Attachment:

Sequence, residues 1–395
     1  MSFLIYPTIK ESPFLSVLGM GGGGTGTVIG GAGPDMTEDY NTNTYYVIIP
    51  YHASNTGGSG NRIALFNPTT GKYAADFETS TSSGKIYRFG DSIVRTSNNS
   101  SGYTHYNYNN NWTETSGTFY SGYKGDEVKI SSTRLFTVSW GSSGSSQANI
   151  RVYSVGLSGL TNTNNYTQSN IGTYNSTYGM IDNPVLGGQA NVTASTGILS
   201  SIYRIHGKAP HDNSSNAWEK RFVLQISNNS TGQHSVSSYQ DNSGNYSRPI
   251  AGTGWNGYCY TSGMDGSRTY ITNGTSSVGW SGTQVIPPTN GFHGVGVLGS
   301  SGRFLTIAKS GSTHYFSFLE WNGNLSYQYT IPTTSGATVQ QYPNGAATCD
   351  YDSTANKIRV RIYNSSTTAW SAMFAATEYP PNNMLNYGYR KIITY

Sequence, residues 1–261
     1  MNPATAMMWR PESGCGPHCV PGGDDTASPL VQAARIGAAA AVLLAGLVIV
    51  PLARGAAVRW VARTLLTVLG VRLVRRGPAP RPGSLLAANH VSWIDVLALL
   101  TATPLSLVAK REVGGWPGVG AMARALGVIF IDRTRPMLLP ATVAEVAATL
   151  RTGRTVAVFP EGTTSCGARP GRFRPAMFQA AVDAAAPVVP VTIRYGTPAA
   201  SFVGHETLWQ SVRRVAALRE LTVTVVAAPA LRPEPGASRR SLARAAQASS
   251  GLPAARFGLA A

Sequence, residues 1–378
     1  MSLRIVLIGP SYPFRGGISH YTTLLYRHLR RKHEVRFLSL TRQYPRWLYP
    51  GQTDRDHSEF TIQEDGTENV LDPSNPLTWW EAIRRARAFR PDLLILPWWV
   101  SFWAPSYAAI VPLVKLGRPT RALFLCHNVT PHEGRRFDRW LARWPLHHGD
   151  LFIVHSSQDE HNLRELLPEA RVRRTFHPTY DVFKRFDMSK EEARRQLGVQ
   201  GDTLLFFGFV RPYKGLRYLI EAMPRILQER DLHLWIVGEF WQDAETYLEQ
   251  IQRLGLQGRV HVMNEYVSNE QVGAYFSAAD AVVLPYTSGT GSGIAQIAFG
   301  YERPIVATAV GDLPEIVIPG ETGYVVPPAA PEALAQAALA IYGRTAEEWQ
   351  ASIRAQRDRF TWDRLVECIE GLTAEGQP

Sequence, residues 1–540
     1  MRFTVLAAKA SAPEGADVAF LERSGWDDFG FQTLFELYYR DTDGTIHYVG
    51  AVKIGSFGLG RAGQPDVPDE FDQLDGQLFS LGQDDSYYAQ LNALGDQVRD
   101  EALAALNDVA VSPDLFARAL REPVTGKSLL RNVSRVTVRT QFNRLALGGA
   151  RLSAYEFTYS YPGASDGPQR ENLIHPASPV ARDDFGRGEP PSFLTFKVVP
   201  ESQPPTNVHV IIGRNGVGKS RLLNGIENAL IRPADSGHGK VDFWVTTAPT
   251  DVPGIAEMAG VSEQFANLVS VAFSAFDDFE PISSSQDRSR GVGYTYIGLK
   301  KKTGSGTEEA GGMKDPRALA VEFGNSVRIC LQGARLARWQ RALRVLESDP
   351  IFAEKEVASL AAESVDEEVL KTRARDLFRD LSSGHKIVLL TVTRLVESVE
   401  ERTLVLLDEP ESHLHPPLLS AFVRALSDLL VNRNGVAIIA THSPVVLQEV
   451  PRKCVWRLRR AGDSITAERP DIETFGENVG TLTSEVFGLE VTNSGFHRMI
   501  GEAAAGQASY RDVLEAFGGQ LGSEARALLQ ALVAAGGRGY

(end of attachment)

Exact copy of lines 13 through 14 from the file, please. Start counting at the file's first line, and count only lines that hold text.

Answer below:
   101  TATPLSLVAK REVGGWPGVG AMARALGVIF IDRTRPMLLP ATVAEVAATL
   151  RTGRTVAVFP EGTTSCGARP GRFRPAMFQA AVDAAAPVVP VTIRYGTPAA